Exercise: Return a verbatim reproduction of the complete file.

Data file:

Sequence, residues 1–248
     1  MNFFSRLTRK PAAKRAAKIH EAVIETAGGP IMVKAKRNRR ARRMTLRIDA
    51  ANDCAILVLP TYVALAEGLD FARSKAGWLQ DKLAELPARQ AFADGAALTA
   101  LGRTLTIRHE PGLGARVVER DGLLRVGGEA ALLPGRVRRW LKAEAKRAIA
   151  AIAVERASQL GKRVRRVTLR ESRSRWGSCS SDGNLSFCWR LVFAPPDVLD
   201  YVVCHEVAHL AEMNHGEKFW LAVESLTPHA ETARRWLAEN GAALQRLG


Sequence, residues 1–248
     1  MNFFSRLTRK PAAKRAAKIH EAVIETAGGP IMVKAKRNRR ARRMTLRIDA
    51  ANDCAILVLP TYVALAEGLD FARSKAGWLQ DKLAELPARQ AFADGAALTA
   101  LGRTLTIRHE PGLGARVVER DGLLRVGGEA ALLPGRVRRW LKAEAKRAIA
   151  AIAVERASQL GKRVRRVTLR ESRSRWGSCS SDGNLSFCWR LVFAPPDVLD
   201  YVVCHEVAHL AEMNHGEKFW LAVESLTPHA ETARRWLAEN GAALQRLG